: Wendy Bishop
: 19.98 MB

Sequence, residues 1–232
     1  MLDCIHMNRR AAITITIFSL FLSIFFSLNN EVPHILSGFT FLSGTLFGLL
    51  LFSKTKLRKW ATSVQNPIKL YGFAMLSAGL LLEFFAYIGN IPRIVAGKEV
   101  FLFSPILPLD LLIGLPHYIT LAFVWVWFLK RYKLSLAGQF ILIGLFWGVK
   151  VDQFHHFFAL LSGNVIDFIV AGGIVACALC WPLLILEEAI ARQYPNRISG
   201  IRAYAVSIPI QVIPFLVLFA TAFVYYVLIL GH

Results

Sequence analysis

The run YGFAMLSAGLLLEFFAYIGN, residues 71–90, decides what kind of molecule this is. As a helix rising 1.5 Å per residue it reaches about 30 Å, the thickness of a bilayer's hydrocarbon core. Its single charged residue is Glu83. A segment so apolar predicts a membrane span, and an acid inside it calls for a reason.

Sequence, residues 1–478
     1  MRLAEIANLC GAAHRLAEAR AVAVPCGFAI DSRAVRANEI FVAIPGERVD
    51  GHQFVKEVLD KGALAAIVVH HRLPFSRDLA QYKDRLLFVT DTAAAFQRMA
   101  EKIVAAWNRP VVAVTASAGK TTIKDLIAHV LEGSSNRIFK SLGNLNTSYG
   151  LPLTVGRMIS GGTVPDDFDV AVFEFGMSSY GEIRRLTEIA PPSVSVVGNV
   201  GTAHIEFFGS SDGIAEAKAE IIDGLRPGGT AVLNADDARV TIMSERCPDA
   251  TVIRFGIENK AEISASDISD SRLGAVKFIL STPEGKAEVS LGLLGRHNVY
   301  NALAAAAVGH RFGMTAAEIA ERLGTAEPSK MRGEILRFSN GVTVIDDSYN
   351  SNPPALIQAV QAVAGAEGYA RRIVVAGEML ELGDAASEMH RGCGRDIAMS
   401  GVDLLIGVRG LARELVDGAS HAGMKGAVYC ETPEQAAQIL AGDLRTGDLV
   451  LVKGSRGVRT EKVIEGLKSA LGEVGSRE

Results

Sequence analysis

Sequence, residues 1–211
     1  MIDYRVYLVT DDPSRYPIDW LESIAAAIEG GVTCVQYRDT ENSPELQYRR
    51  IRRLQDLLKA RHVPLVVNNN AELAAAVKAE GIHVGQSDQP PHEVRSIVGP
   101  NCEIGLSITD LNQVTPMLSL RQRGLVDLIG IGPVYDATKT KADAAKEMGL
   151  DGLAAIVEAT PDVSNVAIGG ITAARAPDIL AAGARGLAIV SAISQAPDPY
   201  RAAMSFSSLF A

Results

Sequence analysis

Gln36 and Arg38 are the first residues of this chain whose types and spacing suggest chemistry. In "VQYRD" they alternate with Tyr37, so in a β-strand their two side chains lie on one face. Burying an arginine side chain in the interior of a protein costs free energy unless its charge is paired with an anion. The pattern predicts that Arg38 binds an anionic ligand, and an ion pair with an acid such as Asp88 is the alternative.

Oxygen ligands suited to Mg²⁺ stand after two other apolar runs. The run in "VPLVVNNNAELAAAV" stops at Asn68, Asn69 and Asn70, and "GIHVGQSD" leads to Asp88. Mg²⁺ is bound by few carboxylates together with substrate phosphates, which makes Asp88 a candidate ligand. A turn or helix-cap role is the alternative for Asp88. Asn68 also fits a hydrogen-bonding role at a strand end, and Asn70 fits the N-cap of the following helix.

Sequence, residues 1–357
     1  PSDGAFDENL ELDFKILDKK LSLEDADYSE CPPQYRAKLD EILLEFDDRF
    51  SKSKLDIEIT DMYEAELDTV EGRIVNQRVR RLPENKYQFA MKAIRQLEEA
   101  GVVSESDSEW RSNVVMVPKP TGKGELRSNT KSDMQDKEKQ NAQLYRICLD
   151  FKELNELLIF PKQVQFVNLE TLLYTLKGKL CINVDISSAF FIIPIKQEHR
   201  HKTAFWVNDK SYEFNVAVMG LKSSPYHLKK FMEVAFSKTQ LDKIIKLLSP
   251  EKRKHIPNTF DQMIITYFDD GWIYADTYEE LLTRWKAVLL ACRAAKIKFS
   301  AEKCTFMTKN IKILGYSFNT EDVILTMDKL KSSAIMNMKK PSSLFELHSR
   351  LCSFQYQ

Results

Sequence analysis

The theory and criticism of genres of writing was once a stable, staid area of English studies, based largely on a fixed taxonomy of genres and on the tenets of formalism. But with the rise of different postmodern theories, work in sociolinguistics, and the influence of contemporary research, these notions are now under dispute. Wendy Bishop and Hans Ostrom's new book takes a broad look at the new concepts and applications of "genre," presenting several theoretical, critical, and pedagogical perspectives. This collection includes many essays that explicitly concern and/or take into account student writing, including essays exploring links between "process" pedagogy and genre, and between social epistemic pedagogy and genre. Other essays explore the acquisition of genre familiarity; still others, the several possible social functions of genre. By design, these pieces often echo one another, or argue dialectically, in effect collaborating to pursue arguments and lines of inquiry about textual forms and functions. An additional team of contributors wrote brief responses to some of the essays as a way of building conversation and dialogue into the structure of the collection, as a way of inviting readers to imagine their own responses. To showcase these different perspectives, the editors have divided this volume into four sections, comprised of one to six essays each (some with responses), and three intersections where two essayists were paired because their texts either talked to, complicated, or illustrated one another. Bishop and Ostrom state, "Our purpose in stretching and teasing academic writing is not to be clever just for the sake of cleverness; instead we believe that a collection on genre should sweep around its own back door, so to speak; also we know the stretching and teasing and conversing will multiply useful connections, the ones most of us are trying to make these days between our lived lives, our teaching, our scholarship, and our research." Anyone trying to make connections of their own will find this book essential reading.